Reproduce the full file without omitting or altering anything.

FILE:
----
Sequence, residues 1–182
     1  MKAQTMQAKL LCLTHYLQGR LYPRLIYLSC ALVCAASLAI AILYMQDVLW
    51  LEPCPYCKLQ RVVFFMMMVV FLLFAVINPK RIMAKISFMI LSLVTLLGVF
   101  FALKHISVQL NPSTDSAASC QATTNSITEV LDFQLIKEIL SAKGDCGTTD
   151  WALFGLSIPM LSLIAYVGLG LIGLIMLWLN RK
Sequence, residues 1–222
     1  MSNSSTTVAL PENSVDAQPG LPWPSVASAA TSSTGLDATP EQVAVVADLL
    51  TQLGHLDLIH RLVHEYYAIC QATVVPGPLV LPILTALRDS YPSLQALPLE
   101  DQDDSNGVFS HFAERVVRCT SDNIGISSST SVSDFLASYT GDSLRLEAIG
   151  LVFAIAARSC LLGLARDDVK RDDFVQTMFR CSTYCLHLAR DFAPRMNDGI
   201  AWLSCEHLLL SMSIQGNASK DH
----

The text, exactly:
Sequence, residues 1–182
     1  MKAQTMQAKL LCLTHYLQGR LYPRLIYLSC ALVCAASLAI AILYMQDVLW
    51  LEPCPYCKLQ RVVFFMMMVV FLLFAVINPK RIMAKISFMI LSLVTLLGVF
   101  FALKHISVQL NPSTDSAASC QATTNSITEV LDFQLIKEIL SAKGDCGTTD
   151  WALFGLSIPM LSLIAYVGLG LIGLIMLWLN RK
Sequence, residues 1–222
     1  MSNSSTTVAL PENSVDAQPG LPWPSVASAA TSSTGLDATP EQVAVVADLL
    51  TQLGHLDLIH RLVHEYYAIC QATVVPGPLV LPILTALRDS YPSLQALPLE
   101  DQDDSNGVFS HFAERVVRCT SDNIGISSST SVSDFLASYT GDSLRLEAIG
   151  LVFAIAARSC LLGLARDDVK RDDFVQTMFR CSTYCLHLAR DFAPRMNDGI
   201  AWLSCEHLLL SMSIQGNASK DH